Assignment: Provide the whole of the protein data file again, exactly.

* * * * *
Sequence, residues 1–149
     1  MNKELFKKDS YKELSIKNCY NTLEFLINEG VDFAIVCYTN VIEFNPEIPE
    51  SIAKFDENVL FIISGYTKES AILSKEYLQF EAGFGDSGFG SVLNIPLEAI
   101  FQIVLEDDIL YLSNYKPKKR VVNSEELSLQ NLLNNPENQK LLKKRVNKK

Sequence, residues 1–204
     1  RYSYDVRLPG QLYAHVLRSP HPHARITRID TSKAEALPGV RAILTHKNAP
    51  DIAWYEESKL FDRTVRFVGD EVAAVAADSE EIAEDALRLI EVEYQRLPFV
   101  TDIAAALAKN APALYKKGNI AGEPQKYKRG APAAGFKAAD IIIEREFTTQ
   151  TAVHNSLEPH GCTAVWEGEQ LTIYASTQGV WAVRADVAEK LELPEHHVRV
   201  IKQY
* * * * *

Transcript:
Sequence, residues 1–149
     1  MNKELFKKDS YKELSIKNCY NTLEFLINEG VDFAIVCYTN VIEFNPEIPE
    51  SIAKFDENVL FIISGYTKES AILSKEYLQF EAGFGDSGFG SVLNIPLEAI
   101  FQIVLEDDIL YLSNYKPKKR VVNSEELSLQ NLLNNPENQK LLKKRVNKK

Sequence, residues 1–204
     1  RYSYDVRLPG QLYAHVLRSP HPHARITRID TSKAEALPGV RAILTHKNAP
    51  DIAWYEESKL FDRTVRFVGD EVAAVAADSE EIAEDALRLI EVEYQRLPFV
   101  TDIAAALAKN APALYKKGNI AGEPQKYKRG APAAGFKAAD IIIEREFTTQ
   151  TAVHNSLEPH GCTAVWEGEQ LTIYASTQGV WAVRADVAEK LELPEHHVRV
   201  IKQY